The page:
I have received the details of the experiment in my Gmail ID sent by you from G+, and I will soon publish it in this website.

      If possible send me your Bank details to my following email, I will make the necessary compensation for the sent write up.


  11. Also Each reading on the transformer in the drawing are they in repect to the 0v tap.

    for example if im to test for 36v is it between the last tap and the center tap?

    I plan to use 12v so if thats the case would I be able to wrap it 9v, 12v, 15v, 19v, 22v.

  12. I cant believe this is the first time seeing this post I have built basically all your inverters except this one, did you by chance get any time to test it or have anyone tested it and given you a feed back?

    Also do you believe this would be the inverter you have with the closest to puresinwave using a scope to look at the wave?

    • I have not tested it, but the circuit concept looks pretty straightforward and according to me it should work as stated.

      the output will be sinewave effortlessly, although my other designs using PWM will also create pure sinewave if the output filter is optimally calculated

  13. sir at what frequency should the ic 555 set to be able to get a 50hz at the output of the inverter? and at its configuration what's its output power?

  14. sir at what frequency should the 555 ic to be set to be able to take a 50hz frequency at the output of the inverter. i don't an oscilloscope. thank you.

  15. Hello sir thanks for the reply , there is what noticed on the tranformer detail , the taps are 16,22,20,27,36 , that put tap 3 at lower than tap 2, my questions are (1) was that a mistake? If yes the correct should be 16,20,22,27,36 (2)the voltage between the taps are not even is that ok? (3) I want to achive it with 12 volts 500 watts , so I tend to device the figures in 2 to achive that, there by getting 8,10,11,13.5,18. Is that correct?(4) I want to incorporate the "No load detection" circuit , my question is , after deactivating because of no load , will the circuit be able to detect added load and reactivate or will I need to reset to use it? I look farword to your king reply , best wishes

    • Thanks Usa,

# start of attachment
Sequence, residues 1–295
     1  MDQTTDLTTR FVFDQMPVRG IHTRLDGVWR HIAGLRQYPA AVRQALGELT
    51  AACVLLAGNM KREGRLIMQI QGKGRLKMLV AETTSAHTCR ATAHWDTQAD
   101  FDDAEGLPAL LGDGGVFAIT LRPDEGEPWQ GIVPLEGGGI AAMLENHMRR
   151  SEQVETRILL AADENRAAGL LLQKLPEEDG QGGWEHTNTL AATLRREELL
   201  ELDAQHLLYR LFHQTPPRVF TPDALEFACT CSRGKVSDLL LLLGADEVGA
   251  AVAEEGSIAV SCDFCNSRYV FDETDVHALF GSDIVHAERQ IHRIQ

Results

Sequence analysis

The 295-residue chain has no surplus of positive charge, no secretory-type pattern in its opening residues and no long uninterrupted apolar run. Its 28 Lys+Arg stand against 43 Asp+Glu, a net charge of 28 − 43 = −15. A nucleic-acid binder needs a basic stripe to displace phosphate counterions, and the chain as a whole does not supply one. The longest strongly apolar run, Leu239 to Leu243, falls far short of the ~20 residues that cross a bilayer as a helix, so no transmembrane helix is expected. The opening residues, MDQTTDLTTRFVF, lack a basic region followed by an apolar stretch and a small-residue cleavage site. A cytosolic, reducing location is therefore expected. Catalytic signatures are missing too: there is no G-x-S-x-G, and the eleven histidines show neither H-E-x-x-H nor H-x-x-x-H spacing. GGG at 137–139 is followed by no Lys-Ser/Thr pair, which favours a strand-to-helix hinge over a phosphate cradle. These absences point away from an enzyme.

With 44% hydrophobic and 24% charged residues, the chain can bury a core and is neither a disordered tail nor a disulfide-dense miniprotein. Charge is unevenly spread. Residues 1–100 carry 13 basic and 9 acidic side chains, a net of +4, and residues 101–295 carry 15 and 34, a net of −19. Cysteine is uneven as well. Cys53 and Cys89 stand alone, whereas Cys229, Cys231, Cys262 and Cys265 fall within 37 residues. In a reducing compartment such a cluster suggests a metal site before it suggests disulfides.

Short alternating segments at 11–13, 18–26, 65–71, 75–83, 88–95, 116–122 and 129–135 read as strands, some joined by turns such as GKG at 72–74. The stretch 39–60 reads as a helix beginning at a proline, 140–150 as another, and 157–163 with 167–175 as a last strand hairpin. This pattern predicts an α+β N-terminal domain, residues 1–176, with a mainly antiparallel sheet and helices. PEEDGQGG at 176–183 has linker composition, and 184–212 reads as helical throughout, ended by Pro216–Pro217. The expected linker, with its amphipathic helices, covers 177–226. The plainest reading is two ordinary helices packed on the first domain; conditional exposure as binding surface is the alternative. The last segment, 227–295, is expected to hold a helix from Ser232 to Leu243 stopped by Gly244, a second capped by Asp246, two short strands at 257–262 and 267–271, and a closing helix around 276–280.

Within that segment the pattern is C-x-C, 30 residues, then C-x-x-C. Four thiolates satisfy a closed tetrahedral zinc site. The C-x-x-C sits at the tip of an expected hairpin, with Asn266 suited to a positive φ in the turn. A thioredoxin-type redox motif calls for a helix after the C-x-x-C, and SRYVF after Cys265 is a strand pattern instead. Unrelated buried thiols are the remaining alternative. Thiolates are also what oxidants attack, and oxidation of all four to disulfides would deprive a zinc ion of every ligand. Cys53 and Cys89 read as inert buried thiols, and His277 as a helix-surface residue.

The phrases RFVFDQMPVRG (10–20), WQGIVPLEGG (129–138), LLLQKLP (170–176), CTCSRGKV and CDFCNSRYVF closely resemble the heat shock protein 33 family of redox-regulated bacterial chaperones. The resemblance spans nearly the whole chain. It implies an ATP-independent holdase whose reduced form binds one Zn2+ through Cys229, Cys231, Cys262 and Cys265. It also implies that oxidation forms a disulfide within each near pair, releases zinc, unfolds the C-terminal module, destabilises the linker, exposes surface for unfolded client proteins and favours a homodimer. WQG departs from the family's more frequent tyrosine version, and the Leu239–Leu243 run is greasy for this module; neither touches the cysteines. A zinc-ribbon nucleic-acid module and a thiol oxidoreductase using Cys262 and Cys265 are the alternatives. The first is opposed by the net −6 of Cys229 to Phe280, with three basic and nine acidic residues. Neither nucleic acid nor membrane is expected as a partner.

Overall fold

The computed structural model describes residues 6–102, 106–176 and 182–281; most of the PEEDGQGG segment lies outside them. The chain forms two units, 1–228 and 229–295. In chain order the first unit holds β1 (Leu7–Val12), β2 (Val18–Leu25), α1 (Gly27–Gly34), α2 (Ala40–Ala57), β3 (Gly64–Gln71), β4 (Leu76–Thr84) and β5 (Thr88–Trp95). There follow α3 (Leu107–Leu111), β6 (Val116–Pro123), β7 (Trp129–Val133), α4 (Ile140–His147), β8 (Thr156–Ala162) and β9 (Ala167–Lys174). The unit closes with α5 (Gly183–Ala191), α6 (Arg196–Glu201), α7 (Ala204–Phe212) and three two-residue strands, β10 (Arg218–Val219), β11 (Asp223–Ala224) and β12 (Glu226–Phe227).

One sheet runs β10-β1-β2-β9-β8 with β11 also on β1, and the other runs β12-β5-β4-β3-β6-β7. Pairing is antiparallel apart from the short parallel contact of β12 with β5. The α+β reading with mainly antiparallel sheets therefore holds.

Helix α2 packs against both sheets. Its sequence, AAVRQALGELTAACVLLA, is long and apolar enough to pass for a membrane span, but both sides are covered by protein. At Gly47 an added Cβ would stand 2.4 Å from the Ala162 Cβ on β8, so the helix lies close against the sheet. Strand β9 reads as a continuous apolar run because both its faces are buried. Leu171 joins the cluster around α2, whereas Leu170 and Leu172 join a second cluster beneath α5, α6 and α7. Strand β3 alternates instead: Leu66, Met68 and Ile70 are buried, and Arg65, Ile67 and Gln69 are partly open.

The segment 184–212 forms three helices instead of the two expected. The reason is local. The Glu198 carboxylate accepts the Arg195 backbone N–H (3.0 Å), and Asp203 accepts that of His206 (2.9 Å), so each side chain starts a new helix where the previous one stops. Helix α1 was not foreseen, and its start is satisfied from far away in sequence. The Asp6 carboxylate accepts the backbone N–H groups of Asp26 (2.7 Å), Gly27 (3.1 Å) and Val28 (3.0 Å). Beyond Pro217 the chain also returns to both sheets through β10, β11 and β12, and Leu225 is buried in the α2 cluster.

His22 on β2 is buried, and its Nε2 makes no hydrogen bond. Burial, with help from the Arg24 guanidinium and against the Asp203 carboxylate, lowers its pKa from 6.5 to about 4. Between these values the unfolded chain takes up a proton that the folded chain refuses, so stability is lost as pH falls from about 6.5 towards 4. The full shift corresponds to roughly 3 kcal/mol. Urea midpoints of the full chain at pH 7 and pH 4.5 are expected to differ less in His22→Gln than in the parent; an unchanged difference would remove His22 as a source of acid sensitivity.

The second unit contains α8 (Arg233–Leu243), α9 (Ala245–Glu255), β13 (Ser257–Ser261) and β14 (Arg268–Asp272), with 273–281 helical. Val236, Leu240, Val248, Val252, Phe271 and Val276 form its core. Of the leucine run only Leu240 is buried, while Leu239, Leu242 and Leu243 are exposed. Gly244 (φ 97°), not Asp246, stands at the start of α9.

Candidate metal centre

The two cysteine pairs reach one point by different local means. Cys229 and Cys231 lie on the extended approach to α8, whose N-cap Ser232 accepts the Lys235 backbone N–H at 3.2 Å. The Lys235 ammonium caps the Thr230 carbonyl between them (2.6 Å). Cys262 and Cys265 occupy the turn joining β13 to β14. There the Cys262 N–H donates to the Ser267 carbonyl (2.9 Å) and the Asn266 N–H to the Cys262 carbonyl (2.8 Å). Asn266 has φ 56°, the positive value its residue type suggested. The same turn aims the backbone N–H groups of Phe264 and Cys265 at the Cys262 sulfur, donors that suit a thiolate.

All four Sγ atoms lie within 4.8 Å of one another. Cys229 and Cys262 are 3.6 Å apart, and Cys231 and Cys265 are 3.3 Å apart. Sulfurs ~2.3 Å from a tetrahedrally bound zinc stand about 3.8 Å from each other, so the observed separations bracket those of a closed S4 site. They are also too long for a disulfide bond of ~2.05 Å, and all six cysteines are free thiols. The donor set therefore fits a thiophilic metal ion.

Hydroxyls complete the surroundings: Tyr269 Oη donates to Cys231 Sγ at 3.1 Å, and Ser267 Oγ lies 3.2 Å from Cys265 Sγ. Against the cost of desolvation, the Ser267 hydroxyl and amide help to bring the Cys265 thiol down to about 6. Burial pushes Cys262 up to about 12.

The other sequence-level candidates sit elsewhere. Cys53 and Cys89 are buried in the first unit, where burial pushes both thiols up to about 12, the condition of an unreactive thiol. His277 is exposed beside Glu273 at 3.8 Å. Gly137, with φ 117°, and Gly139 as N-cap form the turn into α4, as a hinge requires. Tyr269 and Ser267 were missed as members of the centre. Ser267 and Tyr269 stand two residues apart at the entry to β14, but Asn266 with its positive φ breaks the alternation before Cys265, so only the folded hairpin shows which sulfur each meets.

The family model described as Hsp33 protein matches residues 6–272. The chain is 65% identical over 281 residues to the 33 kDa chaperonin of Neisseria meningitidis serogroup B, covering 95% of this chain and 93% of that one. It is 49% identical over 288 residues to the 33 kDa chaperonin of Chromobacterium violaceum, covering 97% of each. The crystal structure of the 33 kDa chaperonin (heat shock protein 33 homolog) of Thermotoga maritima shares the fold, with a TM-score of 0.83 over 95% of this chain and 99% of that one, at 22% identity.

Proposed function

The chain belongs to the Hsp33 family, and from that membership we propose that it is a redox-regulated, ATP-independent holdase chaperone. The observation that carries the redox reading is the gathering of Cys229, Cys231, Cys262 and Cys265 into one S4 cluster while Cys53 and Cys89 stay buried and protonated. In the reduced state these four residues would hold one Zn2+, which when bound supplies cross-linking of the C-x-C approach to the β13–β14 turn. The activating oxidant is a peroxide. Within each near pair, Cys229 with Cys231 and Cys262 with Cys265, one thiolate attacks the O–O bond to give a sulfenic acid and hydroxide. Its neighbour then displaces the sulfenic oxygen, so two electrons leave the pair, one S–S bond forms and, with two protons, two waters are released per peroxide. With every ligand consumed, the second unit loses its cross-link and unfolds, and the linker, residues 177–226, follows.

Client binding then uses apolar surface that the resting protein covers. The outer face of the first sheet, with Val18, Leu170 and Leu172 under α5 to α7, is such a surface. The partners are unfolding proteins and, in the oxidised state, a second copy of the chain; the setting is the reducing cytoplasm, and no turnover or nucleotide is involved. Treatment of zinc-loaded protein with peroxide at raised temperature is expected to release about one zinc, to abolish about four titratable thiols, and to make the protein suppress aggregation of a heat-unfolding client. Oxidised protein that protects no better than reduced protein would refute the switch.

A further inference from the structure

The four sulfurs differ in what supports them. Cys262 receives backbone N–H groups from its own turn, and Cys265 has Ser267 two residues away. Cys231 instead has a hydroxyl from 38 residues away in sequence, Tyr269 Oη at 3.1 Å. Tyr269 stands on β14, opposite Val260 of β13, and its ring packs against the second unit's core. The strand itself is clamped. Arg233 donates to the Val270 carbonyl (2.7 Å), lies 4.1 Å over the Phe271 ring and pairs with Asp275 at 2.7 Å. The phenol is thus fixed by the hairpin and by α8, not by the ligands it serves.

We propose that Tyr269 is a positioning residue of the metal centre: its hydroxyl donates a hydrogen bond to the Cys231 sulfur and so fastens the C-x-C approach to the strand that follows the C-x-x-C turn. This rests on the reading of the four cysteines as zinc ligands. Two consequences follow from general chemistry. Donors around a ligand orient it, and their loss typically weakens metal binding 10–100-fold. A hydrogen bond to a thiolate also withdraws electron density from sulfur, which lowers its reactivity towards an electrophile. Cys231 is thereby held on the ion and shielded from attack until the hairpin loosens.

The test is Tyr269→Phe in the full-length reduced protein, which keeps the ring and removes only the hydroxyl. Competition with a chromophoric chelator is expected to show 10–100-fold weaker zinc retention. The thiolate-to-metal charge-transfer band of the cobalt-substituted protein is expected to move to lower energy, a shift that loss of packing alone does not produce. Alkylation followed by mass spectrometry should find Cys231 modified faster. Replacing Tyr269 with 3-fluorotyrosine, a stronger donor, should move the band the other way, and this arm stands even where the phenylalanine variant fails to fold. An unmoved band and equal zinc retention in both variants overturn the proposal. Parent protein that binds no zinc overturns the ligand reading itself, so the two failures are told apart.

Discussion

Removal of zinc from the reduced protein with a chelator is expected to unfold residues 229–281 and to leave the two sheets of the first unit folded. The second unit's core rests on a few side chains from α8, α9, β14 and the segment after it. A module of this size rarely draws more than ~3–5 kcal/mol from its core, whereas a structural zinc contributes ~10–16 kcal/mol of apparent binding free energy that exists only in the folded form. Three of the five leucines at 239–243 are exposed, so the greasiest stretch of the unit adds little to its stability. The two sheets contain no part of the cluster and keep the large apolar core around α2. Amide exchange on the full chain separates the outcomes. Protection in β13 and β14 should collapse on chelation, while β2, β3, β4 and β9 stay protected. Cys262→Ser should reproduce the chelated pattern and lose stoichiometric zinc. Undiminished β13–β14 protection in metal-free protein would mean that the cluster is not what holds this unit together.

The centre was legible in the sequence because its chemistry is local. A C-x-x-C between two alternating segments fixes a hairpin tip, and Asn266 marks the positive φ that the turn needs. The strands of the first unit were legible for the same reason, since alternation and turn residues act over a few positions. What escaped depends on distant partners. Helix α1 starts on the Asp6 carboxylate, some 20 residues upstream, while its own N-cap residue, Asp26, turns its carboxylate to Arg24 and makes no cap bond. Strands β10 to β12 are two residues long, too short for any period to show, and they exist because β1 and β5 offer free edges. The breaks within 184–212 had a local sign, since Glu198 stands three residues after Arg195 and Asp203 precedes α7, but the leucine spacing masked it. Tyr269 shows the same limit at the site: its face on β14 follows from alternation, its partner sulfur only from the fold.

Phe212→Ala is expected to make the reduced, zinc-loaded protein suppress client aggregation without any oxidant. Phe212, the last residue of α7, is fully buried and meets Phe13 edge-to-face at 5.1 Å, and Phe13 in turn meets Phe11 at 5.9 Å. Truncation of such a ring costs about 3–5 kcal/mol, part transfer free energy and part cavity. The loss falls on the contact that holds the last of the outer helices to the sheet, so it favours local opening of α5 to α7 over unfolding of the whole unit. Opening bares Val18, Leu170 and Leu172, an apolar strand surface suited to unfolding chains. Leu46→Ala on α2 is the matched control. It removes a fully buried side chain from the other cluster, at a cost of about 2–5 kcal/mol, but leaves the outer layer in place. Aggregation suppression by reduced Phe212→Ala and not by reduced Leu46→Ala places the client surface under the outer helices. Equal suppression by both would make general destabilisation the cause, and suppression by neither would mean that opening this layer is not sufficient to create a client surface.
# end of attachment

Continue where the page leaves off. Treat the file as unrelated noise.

yes the 20V tap after the 22V seems to be done by mistake, so please correct it appropriately.

      Any trafo tap configuration can be used, provided it has a center tap and an identical sets of incrementing winding taps across the two halves.

      the no load feature can be added by some suitable circuitry which will need to be figured out…it will be a real time control no resetting would be required.

  16. Hello sir please sujest the power of the transformer for this project , how much power can I achieve with out modifying it?

    • hello Usa, the transformer will depend on your requirement specs and the load…..you can upgrade it to any level by suitably matching it with the power devices and the battery output specs.

  17. I was thinking of using the old faithful 3055's and winding the coil toroid style. i would make use of current amp bd139/140 buffer between the 4017's and the 3055's.

  18. im really liking what i see here., but was curious.

    is there any chance of a fully blown example of different transformer designs that are compatible with this project and also possibly. a complete diagram. I worked out what needs to be done. but a full diagram would be really cool

    • I have updated the complete circuit diagram at the bottom of the article, please check it out.

      The shown transformer is the recommended one, although it can be upgraded as per other battery voltages by changing the winding data proportionately.